A recent archaeological mission lead by the Spanish National Research Council (CSIC) at Dra Abu el-Naga, Luxor, unearthed this early Twelfth Dynasty funerary garden in a remarkable state of preservation; complete with remaining traces of pollen and seeds planted over 4000 years ago. As part of the archaeological excavation and documentation of this site, Factum Foundation was enlisted by the CSIC to create an exact facsimile to form part of the protective framework built to safeguard the fragile ancient structure from further erosion; this will extend the garden's life by at least a decade.
The process began with the scanning of the original garden carried out by the CSIC’s ‘Proyecto Djehuty’, a mission that has been exploring and excavating the Dra Abu el-Naga area since 2002, with this documentation conducted utilising LiDAR equipment in a collaboration with Leica Geosystems. Dated to circa. 2000 BCE, the dawn of the Twelfth Dynasty of Egypt, the mud-brick structure largely takes the form of a grid, composed of 23 squares of 30 x 30 cm, with several additional spaces alongside, as well as a small three-stepped staircase that allowed access for water-carriers tending to the plants located in the middle. Not only standing as an unprecedented example of an Egyptian garden of this type remaining to this day, the evidence of the dark, fertile soil and plant remains that have stood the test of time will shed light on the mysteries surrounding the purpose of such ritual gardens and the crops that were grown there.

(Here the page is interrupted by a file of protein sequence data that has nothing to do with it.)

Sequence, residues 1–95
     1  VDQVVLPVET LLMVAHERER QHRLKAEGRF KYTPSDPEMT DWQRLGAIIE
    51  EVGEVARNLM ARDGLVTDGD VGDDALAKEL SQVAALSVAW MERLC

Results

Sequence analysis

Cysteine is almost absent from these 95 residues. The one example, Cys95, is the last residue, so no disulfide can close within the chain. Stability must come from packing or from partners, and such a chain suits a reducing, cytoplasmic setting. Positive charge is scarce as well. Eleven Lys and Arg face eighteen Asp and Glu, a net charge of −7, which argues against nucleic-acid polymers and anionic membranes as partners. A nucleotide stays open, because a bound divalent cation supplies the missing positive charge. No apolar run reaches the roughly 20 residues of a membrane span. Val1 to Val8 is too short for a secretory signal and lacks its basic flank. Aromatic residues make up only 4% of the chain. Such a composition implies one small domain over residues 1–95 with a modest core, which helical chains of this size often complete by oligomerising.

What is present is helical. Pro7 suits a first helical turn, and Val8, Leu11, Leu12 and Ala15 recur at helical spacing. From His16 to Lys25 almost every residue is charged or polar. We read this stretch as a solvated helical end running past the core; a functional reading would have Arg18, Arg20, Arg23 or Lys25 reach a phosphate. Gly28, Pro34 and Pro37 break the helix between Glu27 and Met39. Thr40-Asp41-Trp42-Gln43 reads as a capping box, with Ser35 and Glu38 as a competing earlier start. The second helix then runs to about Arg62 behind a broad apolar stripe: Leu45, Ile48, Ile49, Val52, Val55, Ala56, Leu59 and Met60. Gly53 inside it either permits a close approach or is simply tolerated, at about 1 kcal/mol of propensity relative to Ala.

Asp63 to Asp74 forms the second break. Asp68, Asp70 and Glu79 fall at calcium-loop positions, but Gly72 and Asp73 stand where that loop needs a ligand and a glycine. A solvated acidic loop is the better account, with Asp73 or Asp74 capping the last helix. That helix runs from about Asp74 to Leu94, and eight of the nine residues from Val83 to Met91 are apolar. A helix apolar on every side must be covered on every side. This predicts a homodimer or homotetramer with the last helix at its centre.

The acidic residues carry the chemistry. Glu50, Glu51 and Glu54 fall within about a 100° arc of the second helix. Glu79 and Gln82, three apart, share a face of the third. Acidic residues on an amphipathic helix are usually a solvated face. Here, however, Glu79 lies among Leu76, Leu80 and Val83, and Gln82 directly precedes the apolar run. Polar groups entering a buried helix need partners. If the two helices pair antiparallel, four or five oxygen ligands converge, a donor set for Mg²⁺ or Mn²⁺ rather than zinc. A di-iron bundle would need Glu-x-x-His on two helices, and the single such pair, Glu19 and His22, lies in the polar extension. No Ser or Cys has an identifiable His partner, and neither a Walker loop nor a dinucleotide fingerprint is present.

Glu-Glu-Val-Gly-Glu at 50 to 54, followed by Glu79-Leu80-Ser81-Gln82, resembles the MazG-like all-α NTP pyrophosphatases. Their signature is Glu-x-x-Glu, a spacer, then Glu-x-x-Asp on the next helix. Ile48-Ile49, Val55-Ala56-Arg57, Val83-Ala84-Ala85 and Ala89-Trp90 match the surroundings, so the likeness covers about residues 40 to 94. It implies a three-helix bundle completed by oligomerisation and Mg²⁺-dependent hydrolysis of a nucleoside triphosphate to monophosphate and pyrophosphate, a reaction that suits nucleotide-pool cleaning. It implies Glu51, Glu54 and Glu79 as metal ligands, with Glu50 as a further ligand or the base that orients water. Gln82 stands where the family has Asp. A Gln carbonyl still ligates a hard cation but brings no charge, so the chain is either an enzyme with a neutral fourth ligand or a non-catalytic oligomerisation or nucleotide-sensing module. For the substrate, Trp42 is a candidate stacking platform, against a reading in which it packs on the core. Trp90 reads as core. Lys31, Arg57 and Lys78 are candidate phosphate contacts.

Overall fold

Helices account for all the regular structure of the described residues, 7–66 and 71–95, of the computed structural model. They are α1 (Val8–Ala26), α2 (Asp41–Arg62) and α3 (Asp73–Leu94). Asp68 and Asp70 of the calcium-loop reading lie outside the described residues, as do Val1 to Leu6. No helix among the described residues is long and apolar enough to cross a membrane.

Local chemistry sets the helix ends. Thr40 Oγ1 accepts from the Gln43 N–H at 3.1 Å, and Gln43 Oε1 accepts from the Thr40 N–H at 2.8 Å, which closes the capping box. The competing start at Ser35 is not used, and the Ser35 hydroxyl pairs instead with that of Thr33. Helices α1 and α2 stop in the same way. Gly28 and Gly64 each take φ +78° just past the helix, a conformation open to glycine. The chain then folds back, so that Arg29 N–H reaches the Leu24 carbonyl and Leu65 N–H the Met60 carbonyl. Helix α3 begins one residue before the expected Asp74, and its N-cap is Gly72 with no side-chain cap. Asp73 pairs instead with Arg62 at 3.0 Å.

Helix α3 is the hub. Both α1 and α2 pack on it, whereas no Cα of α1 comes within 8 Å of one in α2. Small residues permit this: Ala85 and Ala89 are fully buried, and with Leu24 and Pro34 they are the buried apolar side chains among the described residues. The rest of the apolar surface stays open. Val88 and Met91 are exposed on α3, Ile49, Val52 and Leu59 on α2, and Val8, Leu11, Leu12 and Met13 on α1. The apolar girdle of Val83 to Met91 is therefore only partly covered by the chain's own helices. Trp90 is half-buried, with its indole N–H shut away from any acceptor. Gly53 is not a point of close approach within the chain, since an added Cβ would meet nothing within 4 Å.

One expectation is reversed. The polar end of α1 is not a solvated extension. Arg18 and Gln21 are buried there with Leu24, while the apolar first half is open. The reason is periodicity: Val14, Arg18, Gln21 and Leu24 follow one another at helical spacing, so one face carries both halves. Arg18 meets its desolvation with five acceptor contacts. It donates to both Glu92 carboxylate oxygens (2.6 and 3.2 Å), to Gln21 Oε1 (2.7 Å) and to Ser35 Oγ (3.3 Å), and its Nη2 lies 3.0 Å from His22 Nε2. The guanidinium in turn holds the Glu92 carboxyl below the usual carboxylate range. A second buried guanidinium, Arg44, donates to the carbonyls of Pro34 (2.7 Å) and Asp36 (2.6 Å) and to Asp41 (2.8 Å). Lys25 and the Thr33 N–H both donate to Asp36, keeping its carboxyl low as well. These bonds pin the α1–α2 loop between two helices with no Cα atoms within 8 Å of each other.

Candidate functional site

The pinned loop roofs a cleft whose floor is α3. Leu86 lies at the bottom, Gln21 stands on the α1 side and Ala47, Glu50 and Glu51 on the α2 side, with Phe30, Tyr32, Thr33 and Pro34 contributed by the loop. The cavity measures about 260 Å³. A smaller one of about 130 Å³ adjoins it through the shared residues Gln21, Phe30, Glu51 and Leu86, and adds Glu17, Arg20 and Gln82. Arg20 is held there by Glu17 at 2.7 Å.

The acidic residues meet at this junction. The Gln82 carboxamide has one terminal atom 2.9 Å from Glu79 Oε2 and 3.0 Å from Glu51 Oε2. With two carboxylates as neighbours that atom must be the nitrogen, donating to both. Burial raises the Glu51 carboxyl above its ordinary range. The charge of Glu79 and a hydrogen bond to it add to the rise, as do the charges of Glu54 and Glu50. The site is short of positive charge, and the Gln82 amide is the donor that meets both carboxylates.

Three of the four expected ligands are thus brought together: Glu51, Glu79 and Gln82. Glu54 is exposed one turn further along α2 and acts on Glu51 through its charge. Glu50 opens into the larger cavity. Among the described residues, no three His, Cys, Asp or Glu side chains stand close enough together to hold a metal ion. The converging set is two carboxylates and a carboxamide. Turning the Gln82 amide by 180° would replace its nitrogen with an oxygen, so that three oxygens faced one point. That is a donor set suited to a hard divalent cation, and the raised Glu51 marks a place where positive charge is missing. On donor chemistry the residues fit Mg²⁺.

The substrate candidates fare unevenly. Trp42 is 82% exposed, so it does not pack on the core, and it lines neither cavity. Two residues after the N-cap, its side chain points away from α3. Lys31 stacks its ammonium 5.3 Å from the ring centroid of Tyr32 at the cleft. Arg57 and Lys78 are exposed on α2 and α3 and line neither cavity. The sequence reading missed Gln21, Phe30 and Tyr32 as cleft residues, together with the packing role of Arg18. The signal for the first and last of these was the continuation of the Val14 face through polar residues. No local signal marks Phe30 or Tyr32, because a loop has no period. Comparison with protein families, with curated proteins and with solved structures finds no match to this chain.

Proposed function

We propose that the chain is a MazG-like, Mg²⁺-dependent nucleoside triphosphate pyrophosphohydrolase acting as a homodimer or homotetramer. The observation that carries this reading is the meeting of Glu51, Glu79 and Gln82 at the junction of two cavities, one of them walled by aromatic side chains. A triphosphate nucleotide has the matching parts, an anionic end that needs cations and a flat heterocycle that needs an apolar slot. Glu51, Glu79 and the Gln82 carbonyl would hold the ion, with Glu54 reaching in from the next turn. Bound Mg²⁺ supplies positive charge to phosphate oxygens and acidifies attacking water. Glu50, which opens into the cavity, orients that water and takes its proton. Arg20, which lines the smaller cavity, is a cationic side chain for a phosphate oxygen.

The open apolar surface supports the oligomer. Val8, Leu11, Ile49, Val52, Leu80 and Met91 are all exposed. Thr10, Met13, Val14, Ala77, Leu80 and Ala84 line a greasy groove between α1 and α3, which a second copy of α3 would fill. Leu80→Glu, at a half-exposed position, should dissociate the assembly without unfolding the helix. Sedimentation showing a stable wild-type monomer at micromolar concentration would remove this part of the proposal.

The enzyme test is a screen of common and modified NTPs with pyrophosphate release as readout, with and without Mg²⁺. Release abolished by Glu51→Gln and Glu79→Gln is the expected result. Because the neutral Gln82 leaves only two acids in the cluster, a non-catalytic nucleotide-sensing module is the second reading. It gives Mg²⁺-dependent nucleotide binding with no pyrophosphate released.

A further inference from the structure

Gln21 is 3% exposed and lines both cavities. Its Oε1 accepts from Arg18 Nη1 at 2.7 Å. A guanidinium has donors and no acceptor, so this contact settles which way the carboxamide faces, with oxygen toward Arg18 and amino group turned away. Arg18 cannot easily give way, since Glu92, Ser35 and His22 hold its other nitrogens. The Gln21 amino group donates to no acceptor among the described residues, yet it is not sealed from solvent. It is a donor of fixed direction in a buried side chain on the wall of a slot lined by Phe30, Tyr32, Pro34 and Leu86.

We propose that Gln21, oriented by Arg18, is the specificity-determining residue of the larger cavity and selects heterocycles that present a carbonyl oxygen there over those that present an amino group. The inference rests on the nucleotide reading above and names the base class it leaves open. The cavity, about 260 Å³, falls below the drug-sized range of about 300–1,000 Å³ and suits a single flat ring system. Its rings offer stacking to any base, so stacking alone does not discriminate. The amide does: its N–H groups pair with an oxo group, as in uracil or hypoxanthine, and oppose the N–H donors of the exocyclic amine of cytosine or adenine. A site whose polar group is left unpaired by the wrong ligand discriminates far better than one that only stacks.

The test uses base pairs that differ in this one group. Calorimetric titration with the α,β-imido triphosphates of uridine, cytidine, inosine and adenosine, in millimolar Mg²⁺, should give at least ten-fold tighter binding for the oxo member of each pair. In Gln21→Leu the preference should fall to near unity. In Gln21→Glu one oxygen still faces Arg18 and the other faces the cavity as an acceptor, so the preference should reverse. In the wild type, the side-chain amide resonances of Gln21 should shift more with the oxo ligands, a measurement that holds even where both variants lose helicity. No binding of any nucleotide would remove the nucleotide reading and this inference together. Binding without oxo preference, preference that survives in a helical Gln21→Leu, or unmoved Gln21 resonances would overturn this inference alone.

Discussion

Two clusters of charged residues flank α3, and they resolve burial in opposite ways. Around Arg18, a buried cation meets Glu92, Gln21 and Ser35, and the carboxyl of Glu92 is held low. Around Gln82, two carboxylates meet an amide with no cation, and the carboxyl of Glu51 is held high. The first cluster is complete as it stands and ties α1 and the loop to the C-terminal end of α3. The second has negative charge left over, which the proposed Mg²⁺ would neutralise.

This data was materialised through a 3 axis CNC machine milling directly onto medium density polyurethane at a resolution of 200 microns and split into four separate sections to facilitate transportation from Madrid to Luxor. Working directly on top of the original routed polystyrene surface, the depths of the walls had to be exaggerated whilst the widths had to be reduced in order to facilitate the bulk of the fibreglass and resin that was to be placed on top. The fibreglass was applied in 4 layers and laminated using the non-toxic resin Acrylic One, which was in turn mixed together with sand to provide maximum resistance to the elements. Following this, the finer hand-crafted details of the walls, the individual squares, and the tree stump began to be sculpted utilizing the same resin alongside natural pigments; these were carefully matched with soil samples taken from the original garden in Luxor. All together, 6 different colour mixtures were incorporated in the facsimile’s construction to fully emulate the coarse, crumbling appearance of the original.
Between the end of January and the first days of February 2020, the facsimile of the Djehuty garden was installed in Luxor as part of the protective framework meant to preserve the fragile structure in the decades to come, aiding research over this fascinating structure.
The facsimile installed in Luxor @ Juan Carlos Arias for Factum Foundation
Scribe: The Djehuty Project (Fall 2020, Issue 6)